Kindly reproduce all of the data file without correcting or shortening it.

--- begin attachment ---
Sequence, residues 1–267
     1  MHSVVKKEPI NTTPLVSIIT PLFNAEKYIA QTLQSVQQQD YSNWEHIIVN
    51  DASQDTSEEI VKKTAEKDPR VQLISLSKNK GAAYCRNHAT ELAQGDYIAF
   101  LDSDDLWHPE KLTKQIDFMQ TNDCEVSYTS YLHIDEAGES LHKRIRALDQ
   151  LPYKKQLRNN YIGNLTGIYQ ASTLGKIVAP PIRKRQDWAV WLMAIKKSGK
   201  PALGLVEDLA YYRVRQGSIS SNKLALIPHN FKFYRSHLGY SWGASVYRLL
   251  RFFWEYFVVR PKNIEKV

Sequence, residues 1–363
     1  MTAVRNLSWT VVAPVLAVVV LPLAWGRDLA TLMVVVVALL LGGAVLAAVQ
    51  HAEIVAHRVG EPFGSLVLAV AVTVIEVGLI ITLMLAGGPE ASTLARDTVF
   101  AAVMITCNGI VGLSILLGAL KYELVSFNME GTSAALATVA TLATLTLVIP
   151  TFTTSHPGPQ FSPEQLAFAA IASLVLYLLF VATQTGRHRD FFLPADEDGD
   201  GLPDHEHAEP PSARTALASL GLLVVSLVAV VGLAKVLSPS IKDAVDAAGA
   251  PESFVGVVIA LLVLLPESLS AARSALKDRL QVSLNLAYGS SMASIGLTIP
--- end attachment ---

Sequence, residues 1–267
     1  MHSVVKKEPI NTTPLVSIIT PLFNAEKYIA QTLQSVQQQD YSNWEHIIVN
    51  DASQDTSEEI VKKTAEKDPR VQLISLSKNK GAAYCRNHAT ELAQGDYIAF
   101  LDSDDLWHPE KLTKQIDFMQ TNDCEVSYTS YLHIDEAGES LHKRIRALDQ
   151  LPYKKQLRNN YIGNLTGIYQ ASTLGKIVAP PIRKRQDWAV WLMAIKKSGK
   201  PALGLVEDLA YYRVRQGSIS SNKLALIPHN FKFYRSHLGY SWGASVYRLL
   251  RFFWEYFVVR PKNIEKV

Sequence, residues 1–363
     1  MTAVRNLSWT VVAPVLAVVV LPLAWGRDLA TLMVVVVALL LGGAVLAAVQ
    51  HAEIVAHRVG EPFGSLVLAV AVTVIEVGLI ITLMLAGGPE ASTLARDTVF
   101  AAVMITCNGI VGLSILLGAL KYELVSFNME GTSAALATVA TLATLTLVIP
   151  TFTTSHPGPQ FSPEQLAFAA IASLVLYLLF VATQTGRHRD FFLPADEDGD
   201  GLPDHEHAEP PSARTALASL GLLVVSLVAV VGLAKVLSPS IKDAVDAAGA
   251  PESFVGVVIA LLVLLPESLS AARSALKDRL QVSLNLAYGS SMASIGLTIP